Campus Beat Reporter
Negotiations between the University of California (UC) and scholarly journal publisher Elsevier for a new contract are approaching its termination, as the UC fights to move away from previous modes of academic publishing towards more affordable and reader-friendly open access publishing.
The two parties’ five-year contract expired on Dec. 31, 2018, with renegotiations moving past the original deadline into January.
According to the University of California Office of Scholarly Communication, the UC and Elsevier are continuing discussions in a good-faith effort to conclude negotiations by Jan. 31. As a show of cooperation, UC and Elsevier have agreed that access to journals will be extended to the UC during this time, allowing one more month to conclude discussions.
Last year, UC paid almost 11 million dollars to Elsevier in journal subscription fees alone.
Under the current model, UC libraries are paying full-price subscriptions while Elsevier also collects article-processing fees from authors, including UC scholars. According to the UC Office of Scholarly Communication, many traditional subscriptions journals allow authors to pay an extra article processing charge to publish their article as open access. These authors are targeted as an added revenue source, and Elsevier does not reduce its subscription fees even when an open access fee is paid by an author. This allows Elsevier to profit beyond their traditional subscription fees revenues.
Often referred to as “double-dipping,” this form of publishing ensures that Elsevier retains some of the highest profit margins in the market.
Stephen Buranyi of The Guardian reported that Elsevier had a more than 40 percent profit margin on their revenues in 2012 and 2013, rivaling and exceeding that of Apple, Google, or Amazon those years.
The UC system wants to fundamentally change this model, pushing for a “read-and-publish” deal, which would grant the public immediate and free access to final versions of UC research papers and eliminate additional article-processing fees, said Lindsay McKenzie of Inside Higher Ed.
In other words, the institution wants a single payment that bundles both the university’s subscription costs and open access publishing into an annual fee.
The push towards open access scholarship has been maturing for quite some time. Last year, a collection of universities and research institutions in Sweden chose not to renew their contracts with Elsevier because the publisher did not meet their “demands for a sustainable transition to open access,” reported Ashley Yeager of The Scientist.
In a similar vein, the UC is laying down all its bargaining chips into pressuring Elsevier, and the research institution has a lot of negotiating power.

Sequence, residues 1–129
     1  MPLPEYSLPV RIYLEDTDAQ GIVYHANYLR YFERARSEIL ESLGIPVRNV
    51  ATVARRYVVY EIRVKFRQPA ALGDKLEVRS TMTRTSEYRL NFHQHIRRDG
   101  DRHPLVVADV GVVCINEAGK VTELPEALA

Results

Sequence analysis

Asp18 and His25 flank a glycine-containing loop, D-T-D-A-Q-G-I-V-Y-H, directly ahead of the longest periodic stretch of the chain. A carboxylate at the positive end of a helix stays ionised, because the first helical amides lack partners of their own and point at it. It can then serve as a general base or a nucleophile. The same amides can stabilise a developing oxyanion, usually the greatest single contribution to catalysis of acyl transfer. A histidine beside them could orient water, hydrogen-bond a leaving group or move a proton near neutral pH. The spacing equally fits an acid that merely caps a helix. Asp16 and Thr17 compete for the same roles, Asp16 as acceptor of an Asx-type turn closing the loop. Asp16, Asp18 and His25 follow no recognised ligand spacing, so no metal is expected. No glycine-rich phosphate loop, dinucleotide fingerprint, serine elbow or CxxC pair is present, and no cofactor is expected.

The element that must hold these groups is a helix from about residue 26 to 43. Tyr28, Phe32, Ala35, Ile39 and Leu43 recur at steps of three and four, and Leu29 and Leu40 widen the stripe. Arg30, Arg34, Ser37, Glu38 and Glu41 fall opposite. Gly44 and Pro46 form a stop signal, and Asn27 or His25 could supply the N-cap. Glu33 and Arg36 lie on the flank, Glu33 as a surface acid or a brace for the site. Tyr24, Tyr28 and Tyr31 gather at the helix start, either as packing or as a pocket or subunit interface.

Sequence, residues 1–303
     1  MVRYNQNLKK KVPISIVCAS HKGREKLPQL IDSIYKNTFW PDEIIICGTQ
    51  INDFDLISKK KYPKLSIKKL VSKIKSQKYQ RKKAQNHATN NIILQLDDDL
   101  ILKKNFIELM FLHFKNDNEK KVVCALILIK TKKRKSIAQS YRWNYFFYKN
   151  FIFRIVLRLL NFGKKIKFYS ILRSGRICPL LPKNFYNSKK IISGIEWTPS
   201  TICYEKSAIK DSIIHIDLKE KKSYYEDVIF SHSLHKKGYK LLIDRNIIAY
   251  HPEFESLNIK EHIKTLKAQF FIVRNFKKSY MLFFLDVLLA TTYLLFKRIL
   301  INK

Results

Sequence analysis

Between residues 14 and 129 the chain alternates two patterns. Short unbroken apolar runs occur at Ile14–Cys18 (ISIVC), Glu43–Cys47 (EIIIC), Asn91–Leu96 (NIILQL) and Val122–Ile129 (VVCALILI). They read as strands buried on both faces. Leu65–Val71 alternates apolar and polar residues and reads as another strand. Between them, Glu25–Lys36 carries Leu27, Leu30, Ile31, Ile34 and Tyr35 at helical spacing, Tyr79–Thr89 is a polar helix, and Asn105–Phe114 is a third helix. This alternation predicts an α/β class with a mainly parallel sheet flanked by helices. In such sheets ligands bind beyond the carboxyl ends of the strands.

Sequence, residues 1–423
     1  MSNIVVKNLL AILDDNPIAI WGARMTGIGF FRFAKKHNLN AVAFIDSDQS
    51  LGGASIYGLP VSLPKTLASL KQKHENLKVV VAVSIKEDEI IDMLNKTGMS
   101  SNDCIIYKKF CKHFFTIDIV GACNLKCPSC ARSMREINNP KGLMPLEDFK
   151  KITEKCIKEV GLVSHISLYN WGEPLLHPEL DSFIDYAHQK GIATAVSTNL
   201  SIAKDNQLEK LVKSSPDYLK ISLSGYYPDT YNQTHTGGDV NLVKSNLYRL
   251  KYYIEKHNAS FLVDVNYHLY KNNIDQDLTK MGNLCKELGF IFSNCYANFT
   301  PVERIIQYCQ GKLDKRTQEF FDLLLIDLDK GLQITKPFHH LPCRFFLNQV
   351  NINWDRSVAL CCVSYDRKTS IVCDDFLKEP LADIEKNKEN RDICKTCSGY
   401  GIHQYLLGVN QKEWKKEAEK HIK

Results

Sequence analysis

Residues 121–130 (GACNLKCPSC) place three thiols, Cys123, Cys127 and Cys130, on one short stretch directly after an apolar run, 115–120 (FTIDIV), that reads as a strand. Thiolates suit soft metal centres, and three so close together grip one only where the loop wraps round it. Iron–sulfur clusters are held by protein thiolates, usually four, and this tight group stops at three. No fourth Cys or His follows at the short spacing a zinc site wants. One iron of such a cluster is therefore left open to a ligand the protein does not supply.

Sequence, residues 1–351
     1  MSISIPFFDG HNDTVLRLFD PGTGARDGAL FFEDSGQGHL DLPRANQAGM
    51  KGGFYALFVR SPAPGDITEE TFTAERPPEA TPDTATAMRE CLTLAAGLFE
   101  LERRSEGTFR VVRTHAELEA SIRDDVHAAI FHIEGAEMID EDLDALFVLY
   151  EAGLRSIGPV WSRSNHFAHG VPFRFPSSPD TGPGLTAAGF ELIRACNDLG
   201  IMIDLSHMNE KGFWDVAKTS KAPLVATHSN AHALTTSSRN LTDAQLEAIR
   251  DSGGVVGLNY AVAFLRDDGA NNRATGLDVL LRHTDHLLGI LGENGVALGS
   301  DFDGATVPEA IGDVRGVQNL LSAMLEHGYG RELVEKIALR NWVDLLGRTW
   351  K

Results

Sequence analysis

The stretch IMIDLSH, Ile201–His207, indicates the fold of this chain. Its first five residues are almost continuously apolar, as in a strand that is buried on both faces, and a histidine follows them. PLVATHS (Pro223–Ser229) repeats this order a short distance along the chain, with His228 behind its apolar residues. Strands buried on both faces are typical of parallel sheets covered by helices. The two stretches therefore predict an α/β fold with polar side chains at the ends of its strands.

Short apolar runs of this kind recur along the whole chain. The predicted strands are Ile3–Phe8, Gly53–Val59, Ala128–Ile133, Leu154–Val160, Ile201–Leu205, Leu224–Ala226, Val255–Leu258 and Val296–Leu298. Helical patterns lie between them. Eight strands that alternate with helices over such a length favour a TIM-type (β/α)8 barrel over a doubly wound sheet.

“Few [institutions] have enough negotiating leverage to really push it in the way that UC can,” said Rick Anderson, associate dean for Colleges and Scholarly Communications at the University of Utah, in McKenzie’s article.
According to the UC 2018 Accountability Report, the UC accounts for roughly 10 percent of the U.S. research output.
Additionally, the University of California, Los Angeles’s provost urged the faculty to consider declining offers to review articles for Elsevier and not publish in Elsevier journals until negotiations are finalized.
Numerous faculty town halls have also proposed alternative access to scholarly articles.
The main drive behind the open access movement is the idea that new knowledge builds on previous work, and so accessibility to scholarship is crucial in producing new ideas. However, under the current status quo, only those who can pay exorbitant subscription prices can access these important sources of knowledge.
“Solving hard global problems like climate change and continuous warfare is going to require mass intelligence,” said Christopher Newfield, an English Professor at UCSB, “and by that I mean the creativity of all sorts of people who aren’t anywhere near universities or libraries. They need the information just as much as we do.”
When Dr. Eileen A. Joy left her position as an associate professor at the University of Illinois to run her open access press Punctum Books in Goleta, her access to scholarly journals was completely cut off. A dedicated scholar, Joy says that it is impossible to do research when publishers are charging her 30 to 50 dollars to access one article.
Despite the high fees, the publishing industry’s cost of operations is very small. According to Micheal Hiltzik of the LA Times, most of the publishers’ overhead is carried by scholars, peer reviewers, and taxpayers.
The research behind the published papers often is wholly or partially funded by taxpayers who must pay again to read the results. The UC website reports that the system received more than 9.8 billion dollars in total federal support last year.
“How are you supposed to do good research if you can’t access other people’s research? All research builds, no one just sits down and says ‘I’m gonna pull this knowledge out of my ass,’” said Joy, “The public should have access to the research they fund. This is knowledge that is specifically beneficial to the world.”
Jan. 26, 2019: This article has been updated for accuracy and clarity.